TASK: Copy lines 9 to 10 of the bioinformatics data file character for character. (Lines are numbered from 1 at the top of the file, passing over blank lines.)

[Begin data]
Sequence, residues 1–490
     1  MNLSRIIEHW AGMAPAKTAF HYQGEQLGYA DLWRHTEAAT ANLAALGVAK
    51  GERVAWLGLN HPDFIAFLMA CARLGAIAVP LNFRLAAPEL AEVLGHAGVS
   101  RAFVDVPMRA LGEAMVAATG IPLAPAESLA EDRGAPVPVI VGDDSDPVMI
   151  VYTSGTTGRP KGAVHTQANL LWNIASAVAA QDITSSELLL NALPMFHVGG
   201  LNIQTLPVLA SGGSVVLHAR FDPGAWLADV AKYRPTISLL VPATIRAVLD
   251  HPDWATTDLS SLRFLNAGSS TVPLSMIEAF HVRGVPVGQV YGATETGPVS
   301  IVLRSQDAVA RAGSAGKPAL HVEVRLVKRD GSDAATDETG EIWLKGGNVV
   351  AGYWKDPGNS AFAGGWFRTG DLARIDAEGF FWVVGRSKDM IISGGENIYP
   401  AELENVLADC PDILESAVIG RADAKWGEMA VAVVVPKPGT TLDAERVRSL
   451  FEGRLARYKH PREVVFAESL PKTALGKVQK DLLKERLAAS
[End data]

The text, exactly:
   351  AGYWKDPGNS AFAGGWFRTG DLARIDAEGF FWVVGRSKDM IISGGENIYP
   401  AELENVLADC PDILESAVIG RADAKWGEMA VAVVVPKPGT TLDAERVRSL